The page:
Officials urge people to avoid blue-green algae

Press release from the California Regional Water Quality Control Board North Coast Region:

Swimmers, boaters and recreational users are to urged to avoid direct… contact with or use of waters containing blue-green algae (cyanobacteria), now blooming in the Klamath River in Northern California.

Copco and Iron Gate Reservoirs and the Klamath River below Iron Gate Dam down to Weitchpec on the Yurok Reservation are now posted with health advisories warning against human and animal contact with the water. Residents and recreational water users can still enjoy camping, hiking, biking, canoeing, picnicking, or other recreational activities at the reservoirs and along the Klamath River, taking precautions to avoid contact with waters near these bloom areas and any scums along the water’s edge.

Klamath River reaches from the I-5 bridge downstream to Weitchpec were posted with health advisories on July 30 and 31, based on the presence of cyanobacteria scums. Copco Reservoir was posted in June due to cell counts exceeding public health thresholds for cyanobacteria (Anabaena and then Microcystis aeruginosa). Iron Gate was posted on July 25th due to scums as public health thresholds; these advisories remain in effect.

“These conditions in the Klamath River and reservoirs today are very concerning. Blue-green algae can pose health risks, particularly to children and pets,” said Matt St. John, Executive Officer of the North Coast Regional Water Quality Control Board. “We urge people and their pets to avoid contact with water in locations with blooms, and particularly avoid swallowing or inhaling of water spray in an algal bloom area.”

The algal blooms appear as bright green in the water, and blue-green, white or brown foam, scum or mats can float on the water and accumulate along the shore. Recreational exposure to toxic blue-green algae can cause eye irritation, allergic skin rash, mouth ulcer, vomiting, diarrhea, and cold and flu-like symptoms. Liver failure, nerve damage and death have occurred in rare situations where large amounts of contaminated water were directly ingested.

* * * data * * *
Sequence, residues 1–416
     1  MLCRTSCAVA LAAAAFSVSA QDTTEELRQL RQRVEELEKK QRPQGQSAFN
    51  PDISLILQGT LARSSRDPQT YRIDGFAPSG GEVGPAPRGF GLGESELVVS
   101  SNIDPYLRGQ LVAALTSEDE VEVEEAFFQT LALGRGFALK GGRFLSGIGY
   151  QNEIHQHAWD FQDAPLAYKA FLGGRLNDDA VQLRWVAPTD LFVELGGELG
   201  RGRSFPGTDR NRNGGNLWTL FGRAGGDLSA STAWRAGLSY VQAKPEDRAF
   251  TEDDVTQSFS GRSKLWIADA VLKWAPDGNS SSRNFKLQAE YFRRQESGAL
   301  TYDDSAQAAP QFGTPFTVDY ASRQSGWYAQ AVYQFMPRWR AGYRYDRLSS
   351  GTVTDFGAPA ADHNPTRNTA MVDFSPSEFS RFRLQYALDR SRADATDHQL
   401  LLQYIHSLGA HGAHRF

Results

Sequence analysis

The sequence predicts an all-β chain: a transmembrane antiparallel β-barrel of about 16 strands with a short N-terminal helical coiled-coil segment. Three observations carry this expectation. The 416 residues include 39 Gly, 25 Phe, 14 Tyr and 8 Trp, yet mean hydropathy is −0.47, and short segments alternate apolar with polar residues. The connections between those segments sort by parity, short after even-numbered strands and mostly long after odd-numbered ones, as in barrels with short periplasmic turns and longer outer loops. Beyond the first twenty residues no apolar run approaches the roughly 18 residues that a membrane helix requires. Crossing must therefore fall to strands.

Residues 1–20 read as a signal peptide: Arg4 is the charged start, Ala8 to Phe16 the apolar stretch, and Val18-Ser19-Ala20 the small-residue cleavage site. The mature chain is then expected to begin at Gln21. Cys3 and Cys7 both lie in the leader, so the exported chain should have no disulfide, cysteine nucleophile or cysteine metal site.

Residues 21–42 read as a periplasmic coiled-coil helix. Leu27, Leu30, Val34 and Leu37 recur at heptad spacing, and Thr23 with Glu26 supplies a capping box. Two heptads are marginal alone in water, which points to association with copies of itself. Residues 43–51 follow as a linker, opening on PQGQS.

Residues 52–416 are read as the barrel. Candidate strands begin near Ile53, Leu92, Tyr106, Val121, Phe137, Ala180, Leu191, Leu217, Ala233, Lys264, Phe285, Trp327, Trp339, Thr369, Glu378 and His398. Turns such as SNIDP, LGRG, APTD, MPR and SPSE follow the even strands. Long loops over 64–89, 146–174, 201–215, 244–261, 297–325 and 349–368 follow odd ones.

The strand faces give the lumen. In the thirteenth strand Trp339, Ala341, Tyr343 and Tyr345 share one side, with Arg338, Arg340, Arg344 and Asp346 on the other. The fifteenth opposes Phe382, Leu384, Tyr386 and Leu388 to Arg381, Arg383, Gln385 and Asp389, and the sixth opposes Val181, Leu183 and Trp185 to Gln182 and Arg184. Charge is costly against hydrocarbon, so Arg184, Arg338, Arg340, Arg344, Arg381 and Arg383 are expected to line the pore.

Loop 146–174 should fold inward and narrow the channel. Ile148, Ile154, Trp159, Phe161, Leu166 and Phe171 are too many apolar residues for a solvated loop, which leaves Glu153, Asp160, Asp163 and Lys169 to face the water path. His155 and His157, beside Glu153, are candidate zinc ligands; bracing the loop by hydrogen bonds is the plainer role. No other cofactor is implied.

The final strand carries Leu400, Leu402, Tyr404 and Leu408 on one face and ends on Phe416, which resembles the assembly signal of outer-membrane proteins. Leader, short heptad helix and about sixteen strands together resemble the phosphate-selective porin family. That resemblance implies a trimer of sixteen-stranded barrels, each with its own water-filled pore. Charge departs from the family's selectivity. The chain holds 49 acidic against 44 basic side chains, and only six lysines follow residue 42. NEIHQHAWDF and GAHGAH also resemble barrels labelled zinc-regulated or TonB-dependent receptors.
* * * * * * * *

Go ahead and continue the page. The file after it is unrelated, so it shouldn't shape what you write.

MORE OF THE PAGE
The Statewide Guidance on Harmful Algal Blooms recommends the following for blue-green algae impacted waters:

  • Take care that pets and livestock do not drink the water, swim through algae, scums or mats, or lick their fur after going in the water. Rinse pets in clean drinking water to remove algae from fur.
  • Avoid wading, swimming or jet or water skiing in water containing algae blooms or scums or mats.
  • Do not drink, cook or wash dishes with untreated surface water from these areas under any circumstances; common water purification techniques (e.g., camping filters, tablets and boiling) do not remove toxins.
  • People should not eat mussels or other bivalves collected from these areas. Limit or avoid eating fish; if fish are consumed, remove guts and liver, and rinse filets in clean drinking water.
  • Get medical treatment immediately if you think that you, your pet, or livestock might have been poisoned by blue-green algae toxins. Be sure to alert the medical professional to the possible contact with blue-green algae.

Water quality monitoring is done biweekly in the summer from Link River Dam in Oregon to the Klamath River estuary in California. Sampling continues late into the fall to determine when toxin levels are low enough for water contact to be safely below the public health thresholds. This sampling is conducted collaboratively by the U.S. Bureau of Reclamation; PacifiCorp; the Karuk Tribe; the Yurok Tribe the North Coast Regional Water Quality Control Board and U.S. EPA. These postings are supported by the North Coast Regional Water Quality Control Board, the Office of Environmental Health Hazard Assessment (OEHHA), Department of Public Health, as well as the U.S. EPA, and the Yurok and Karuk Tribes.

Water users are encouraged to check most recent sampling results on the Klamath Blue-Green Algae Tracker (see link below). Even when blue-green algae blooms are not present, still carefully watch young children and warn them not to swallow the water.


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